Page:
The Events Leading to Independence

9e. The Boston Massacre

Crispus Attucks: American Revolution Hero
Crispus Attucks was not only the first African American to die for the revolution, he was one of the first patriots to give his life for the cause.

American blood was shed on American soil.

The showdown between the British and the Americans was not simply a war of words. Blood was shed over this clash of ideals. Although large-scale fighting between American minutemen and the British redcoats did not begin until 1775, the 1770 Boston Massacre gave each side a taste of what was to come.

No colony was thrilled with the Townshend duties, but nowhere was there greater resentment than in Boston. British officials in Boston feared for their lives. When attempts were made to seize two of John Hancock's trading vessels, Boston was ready to riot. Lord Hillsborough, Parliament's minister on American affairs, finally ordered four regiments to be moved to Boston.

The British Make the Americans Skittish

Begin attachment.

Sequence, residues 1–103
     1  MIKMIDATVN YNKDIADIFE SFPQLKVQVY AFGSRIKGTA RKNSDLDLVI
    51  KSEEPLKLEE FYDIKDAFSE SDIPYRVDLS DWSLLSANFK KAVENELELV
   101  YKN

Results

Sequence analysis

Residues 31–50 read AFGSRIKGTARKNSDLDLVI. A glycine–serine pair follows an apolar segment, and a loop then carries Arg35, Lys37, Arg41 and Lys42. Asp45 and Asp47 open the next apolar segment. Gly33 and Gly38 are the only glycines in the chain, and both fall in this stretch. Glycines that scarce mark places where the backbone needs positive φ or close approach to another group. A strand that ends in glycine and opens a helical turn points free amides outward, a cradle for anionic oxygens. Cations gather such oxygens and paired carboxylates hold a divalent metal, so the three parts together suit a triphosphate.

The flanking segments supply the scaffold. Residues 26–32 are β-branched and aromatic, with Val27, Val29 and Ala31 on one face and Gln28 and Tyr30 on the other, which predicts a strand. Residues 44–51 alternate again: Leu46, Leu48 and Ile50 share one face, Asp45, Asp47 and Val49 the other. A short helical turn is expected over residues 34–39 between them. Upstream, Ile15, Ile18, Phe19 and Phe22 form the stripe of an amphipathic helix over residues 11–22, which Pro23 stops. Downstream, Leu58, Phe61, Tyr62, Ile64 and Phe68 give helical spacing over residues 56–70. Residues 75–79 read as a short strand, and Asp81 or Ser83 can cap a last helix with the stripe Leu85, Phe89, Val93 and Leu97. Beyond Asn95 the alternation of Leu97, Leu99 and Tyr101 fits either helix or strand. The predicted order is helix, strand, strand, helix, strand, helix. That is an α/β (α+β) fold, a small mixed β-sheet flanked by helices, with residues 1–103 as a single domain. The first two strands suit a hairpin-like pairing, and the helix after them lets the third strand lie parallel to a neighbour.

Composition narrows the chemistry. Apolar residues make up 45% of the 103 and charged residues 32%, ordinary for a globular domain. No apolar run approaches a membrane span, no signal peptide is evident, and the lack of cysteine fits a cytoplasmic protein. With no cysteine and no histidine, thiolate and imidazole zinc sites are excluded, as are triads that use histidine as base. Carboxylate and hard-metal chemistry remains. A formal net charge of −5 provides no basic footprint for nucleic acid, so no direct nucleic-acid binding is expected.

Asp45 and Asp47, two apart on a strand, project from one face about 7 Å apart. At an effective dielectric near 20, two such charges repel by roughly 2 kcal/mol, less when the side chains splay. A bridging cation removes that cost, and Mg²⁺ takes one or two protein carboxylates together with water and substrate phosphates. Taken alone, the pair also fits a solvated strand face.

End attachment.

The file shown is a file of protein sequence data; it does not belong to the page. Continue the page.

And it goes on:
Boston Massacre
U.S. Department of State
This print of Paul Revere's depiction of the Boston Massacre is on display in the Diplomatic Receptions Rooms of the Maine State Department building in Washington, D.C.

Samuel Adams and James Otis did not take this lightly. Less than three weeks prior to the arrival of British troops, Bostonians defiantly, but nervously, assembled in Faneuil Hall. But when the redcoats marched boldly through the town streets on October 1, the only resistance seen was on the facial expressions of the townspeople. The people of Boston had decided to show restraint.

The other 12 colonies watched the Boston proceedings with great interest. Perhaps their fears about British tyranny were true. Moderates found it difficult to argue that the Crown was not interested in stripping away American civil liberties by having a standing army stationed in Boston. Throughout the occupation, sentiment shifted further and further away from the London government.

The Massacre

On March 5, 1770, the inevitable happened. A mob of about 60 angry townspeople descended upon the guard at the Customs House. When reinforcements were called, the crowd became more unruly, hurling rocks and snowballs at the guard and reinforcements.

In the heat of the confusing melee, the British fired without Captain Thomas Preston's command. Imperial bullets took the lives of five men, including Crispus Attucks, a former slave. Others were injured.

Anonymous Account of the Boston Massacre, 1770